Just Open: LiloTang - Canberra's newest hip Japanese restaurant

Natasha Rudra
Lilotang reality: Manager Po Yang Chia, head chef Shunsuke Ota and owner Josiah Li.
Lilotang reality: Manager Po Yang Chia, head chef Shunsuke Ota and owner Josiah Li. Photo: Rohan Thomsonc

Canberra's latest hip Japanese eatery has opened its doors in Barton, where dinner might come served in a carefully hollowed-out orange and the wine list includes more than 25 sakes.

LiloTang is the new restaurant in the Burbury Hotel, across the foyer from sister establishment Malamay.

Inside the restaurant is slick with pale timber walls illuminated by strip lighting, lemon-yellow splashes of colour and touches of Japanese anime and pop culture references.

Pork Belly Robata with Yuzu Kosho Miso sauce.
Pork Belly Robata with Yuzu Kosho Miso sauce. 

Hanging timber panels with funky cut-outs create a series of semi-private dining areas and the restaurant looks out onto a courtyard in the Burbury Hotel.

It's the brainchild of Po Yang Chia and well-known restaurateur Josiah Li, co-founder of the Chairman Group.

Head chef Shunsuke Ota hails from Japan and previously worked at Nobu in Melbourne.

Chicken thigh skewers with homemade yakitori sauce
Chicken thigh skewers with homemade yakitori sauce Photo: Rohan Thomson

His menu includes a series of classic Japanese bites, such as yakitori skewers and barbecued wagyu okonomiyaki or savoury pancakes and dishes which aren't so well known in Australia, such as sake steamed pipis with grapes and a dish of roast umami vegetables served in a pot made out of an orange.

LiloTang's secret weapon is a shiny new robata grill, which allows chefs to cook food on an extremely high heat using special binchotan charcoal, which gives off almost no flame.

Chia, 36, had a vision for a restaurant that would serve intriguing Japanese food in a relaxed setting.

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He learnt the restaurant business in Nobu in Melbourne, where he met chef Ota, and trained from the beginning, doing "all the dirty work".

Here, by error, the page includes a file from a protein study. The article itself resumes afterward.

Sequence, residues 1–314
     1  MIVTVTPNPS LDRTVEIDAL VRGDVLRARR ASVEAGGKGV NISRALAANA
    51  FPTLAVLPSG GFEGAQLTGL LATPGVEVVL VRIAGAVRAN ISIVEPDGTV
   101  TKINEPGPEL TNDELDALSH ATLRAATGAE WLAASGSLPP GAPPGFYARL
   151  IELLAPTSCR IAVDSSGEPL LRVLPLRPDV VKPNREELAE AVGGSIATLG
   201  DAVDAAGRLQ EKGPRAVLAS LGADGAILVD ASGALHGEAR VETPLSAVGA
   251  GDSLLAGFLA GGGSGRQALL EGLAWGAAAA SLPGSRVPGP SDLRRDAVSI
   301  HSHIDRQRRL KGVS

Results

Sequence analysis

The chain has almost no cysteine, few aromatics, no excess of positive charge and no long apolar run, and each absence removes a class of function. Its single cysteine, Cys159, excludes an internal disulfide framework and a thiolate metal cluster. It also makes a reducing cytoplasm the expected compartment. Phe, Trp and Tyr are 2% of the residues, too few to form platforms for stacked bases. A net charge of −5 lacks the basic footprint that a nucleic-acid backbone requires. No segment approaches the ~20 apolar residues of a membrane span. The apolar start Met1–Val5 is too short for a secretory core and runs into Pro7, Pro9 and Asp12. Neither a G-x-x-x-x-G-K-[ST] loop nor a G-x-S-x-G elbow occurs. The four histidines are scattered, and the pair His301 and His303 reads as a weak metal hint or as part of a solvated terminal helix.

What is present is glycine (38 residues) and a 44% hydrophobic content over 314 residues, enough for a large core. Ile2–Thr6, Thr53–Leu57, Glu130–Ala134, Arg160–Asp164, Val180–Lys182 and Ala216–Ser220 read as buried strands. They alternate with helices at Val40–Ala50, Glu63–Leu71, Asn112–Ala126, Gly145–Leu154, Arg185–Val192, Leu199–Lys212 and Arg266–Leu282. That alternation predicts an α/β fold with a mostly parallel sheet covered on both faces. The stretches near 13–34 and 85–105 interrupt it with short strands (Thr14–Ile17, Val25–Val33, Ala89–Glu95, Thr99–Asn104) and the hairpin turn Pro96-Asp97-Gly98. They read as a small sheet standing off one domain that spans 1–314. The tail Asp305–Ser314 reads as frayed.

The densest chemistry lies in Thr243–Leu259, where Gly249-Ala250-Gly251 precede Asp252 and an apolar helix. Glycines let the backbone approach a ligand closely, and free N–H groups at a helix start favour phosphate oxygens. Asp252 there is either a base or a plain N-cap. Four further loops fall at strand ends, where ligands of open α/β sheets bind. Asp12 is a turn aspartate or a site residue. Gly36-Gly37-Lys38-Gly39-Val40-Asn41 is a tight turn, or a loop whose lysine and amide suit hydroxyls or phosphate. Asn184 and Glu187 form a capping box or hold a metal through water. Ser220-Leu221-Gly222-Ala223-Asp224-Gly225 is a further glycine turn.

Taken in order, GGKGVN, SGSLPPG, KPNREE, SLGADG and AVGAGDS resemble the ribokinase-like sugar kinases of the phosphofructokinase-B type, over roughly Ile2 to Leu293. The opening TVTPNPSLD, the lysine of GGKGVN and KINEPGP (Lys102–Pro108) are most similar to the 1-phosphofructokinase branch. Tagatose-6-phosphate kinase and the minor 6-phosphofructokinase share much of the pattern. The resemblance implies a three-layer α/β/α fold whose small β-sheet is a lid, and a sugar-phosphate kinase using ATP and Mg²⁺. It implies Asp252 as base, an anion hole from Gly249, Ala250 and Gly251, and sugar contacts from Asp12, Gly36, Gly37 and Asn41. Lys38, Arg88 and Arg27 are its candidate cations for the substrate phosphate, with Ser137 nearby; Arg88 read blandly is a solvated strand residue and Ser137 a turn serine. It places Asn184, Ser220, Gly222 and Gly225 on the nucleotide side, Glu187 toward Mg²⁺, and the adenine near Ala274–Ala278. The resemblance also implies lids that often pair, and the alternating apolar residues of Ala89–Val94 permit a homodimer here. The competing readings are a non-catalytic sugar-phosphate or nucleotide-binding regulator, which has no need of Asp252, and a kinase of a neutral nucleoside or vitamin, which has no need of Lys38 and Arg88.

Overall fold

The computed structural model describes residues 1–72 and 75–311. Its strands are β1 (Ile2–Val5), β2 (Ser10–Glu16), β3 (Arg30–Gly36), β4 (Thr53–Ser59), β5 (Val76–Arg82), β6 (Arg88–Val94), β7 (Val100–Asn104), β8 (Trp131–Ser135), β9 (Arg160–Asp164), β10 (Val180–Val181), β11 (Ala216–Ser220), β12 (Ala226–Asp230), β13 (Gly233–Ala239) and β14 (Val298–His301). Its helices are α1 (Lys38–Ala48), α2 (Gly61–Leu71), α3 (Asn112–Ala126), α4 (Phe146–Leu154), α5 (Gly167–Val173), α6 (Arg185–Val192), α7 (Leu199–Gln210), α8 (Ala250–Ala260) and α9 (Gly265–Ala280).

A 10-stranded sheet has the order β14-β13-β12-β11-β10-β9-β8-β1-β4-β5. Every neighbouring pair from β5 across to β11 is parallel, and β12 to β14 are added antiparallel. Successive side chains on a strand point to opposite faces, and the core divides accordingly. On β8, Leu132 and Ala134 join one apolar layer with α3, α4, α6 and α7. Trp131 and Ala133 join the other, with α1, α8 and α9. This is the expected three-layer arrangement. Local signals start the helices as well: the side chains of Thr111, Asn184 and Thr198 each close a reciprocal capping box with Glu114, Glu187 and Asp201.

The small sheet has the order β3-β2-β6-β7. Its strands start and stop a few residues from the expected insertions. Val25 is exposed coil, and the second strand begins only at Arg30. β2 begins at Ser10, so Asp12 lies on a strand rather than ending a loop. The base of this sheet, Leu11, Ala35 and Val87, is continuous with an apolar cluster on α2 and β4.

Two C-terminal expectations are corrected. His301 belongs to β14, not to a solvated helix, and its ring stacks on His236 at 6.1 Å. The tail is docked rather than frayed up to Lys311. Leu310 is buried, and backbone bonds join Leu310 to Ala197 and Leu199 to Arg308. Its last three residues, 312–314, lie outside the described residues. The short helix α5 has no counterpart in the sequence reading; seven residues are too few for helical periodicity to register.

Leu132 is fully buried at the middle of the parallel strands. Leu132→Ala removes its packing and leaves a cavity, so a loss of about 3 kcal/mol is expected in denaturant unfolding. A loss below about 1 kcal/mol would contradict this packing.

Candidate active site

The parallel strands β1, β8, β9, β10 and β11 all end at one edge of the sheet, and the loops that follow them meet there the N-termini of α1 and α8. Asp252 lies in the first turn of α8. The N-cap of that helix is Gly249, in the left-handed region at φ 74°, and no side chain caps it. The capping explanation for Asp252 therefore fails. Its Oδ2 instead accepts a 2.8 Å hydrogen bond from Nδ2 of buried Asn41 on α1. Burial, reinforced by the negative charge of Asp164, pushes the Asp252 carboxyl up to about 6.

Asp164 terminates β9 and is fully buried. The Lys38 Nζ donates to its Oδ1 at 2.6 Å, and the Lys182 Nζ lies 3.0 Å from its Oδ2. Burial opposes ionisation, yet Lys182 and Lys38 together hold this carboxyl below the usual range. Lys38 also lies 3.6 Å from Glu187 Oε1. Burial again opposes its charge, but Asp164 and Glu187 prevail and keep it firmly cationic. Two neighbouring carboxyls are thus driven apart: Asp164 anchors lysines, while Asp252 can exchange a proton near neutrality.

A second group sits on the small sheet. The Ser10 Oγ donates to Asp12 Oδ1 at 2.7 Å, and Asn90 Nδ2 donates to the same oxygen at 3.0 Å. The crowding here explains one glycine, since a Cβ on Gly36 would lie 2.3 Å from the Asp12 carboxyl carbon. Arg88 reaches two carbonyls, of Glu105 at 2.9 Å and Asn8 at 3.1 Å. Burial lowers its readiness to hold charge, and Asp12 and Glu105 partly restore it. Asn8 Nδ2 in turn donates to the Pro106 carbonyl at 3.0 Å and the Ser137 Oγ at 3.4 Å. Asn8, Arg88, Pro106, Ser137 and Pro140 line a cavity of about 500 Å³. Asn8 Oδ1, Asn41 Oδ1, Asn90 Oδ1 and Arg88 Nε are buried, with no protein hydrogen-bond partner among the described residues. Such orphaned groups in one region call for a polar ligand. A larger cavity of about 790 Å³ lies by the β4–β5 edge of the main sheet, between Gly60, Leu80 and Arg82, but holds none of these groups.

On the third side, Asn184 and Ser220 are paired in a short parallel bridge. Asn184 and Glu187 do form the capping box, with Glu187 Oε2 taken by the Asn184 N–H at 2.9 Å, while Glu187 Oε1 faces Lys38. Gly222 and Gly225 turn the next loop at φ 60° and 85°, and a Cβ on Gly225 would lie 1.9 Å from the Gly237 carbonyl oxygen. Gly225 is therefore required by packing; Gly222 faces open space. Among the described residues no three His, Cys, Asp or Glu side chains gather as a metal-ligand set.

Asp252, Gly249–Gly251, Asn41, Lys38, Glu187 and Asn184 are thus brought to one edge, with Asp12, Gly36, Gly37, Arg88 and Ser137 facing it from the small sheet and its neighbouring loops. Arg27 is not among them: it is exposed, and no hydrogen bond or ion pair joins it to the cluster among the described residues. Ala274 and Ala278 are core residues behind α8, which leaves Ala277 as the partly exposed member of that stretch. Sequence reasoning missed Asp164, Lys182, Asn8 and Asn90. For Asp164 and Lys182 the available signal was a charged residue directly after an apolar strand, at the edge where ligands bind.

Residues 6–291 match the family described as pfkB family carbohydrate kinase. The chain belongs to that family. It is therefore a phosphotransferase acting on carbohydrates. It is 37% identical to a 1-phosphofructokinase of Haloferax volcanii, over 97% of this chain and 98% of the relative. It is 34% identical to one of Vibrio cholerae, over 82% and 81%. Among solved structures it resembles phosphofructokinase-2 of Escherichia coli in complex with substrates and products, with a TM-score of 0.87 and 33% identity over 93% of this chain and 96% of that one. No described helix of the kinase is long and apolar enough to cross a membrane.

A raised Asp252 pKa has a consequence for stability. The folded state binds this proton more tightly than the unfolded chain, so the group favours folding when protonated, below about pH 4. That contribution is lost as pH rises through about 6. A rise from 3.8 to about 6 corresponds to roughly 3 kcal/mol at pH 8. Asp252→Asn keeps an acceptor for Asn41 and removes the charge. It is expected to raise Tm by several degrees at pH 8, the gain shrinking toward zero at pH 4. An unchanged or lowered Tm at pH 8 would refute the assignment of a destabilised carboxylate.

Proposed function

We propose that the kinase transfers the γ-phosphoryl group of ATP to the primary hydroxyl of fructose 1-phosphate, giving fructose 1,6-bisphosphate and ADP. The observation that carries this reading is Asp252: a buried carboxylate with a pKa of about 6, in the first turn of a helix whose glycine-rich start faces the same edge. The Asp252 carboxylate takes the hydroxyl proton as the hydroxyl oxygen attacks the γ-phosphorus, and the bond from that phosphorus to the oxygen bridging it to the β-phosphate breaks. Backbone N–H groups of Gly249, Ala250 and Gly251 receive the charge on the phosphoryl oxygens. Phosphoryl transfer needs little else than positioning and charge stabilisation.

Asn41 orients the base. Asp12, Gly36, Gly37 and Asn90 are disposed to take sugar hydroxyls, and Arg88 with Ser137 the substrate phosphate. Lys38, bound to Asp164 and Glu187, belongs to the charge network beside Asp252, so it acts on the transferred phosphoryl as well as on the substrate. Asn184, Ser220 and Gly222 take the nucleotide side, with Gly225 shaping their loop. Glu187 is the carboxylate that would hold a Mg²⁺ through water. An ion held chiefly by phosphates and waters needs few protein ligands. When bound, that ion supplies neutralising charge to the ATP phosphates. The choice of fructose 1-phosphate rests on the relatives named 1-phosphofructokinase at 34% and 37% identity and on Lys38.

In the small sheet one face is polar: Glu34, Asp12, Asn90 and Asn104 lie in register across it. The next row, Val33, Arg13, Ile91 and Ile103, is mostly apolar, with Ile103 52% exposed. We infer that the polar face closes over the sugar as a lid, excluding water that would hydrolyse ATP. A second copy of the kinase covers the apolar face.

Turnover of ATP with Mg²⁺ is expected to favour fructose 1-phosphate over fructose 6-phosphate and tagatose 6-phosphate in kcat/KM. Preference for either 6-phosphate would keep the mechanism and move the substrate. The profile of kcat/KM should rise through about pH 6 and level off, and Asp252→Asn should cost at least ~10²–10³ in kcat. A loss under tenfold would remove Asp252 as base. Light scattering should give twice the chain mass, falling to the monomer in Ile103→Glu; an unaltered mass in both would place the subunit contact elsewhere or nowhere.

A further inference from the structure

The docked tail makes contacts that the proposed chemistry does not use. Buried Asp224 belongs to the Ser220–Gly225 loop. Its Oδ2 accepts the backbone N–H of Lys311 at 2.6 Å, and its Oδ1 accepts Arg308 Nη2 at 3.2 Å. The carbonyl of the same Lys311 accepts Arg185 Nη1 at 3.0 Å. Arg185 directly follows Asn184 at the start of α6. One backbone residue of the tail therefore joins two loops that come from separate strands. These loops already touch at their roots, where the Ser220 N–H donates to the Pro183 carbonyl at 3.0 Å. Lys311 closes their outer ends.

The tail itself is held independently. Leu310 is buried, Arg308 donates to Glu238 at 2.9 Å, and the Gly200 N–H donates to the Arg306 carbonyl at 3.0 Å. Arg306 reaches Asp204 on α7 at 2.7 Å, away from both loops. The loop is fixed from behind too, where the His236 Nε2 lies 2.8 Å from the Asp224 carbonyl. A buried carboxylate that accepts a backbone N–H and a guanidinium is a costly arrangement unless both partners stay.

Two years ago he arrived in Canberra to work at Malamay, and has worked to create LiloTang with Li, bringing a number of colleagues from Nobu to the capital. "It's my vision with Josiah's design," Chia said. "He pushed me very hard to get there and get there in a short period of time."

The restaurant name joins the name of Josiah Li's former design agency, LiLo, and the Chinese word for a gathering place, "tang".

Movable partitions create semi private dining rooms at Lilotang.
Movable partitions create semi private dining rooms at Lilotang. Photo: Rohan Thomson

Li described the restaurant as "kaiseki meets izakaya". Kaiseki is a style of fine-dining Japanese food in which dishes are served in sequence, similar to a degustation. Izakayas, on the other hand, are working class casual diners serving cheap, quick dishes.

"Kaiseki is a little bit complex, a little bit fine dining, so we relaxed it a bit," he said.

Lilotang will also feature a series of boutique Japanese beers and a long list of sakes.

Roast Umami Vegetables with Orange Miso in Orange Pot.
Roast Umami Vegetables with Orange Miso in Orange Pot. Photo: Rohan Thomson

"We actually bring in over 25 different sakes," he said. "I don't think anyone in Canberra would do that."

The Chairman Group also owns Lanterne Rooms in Campbell and the Chairman and Yip in Civic.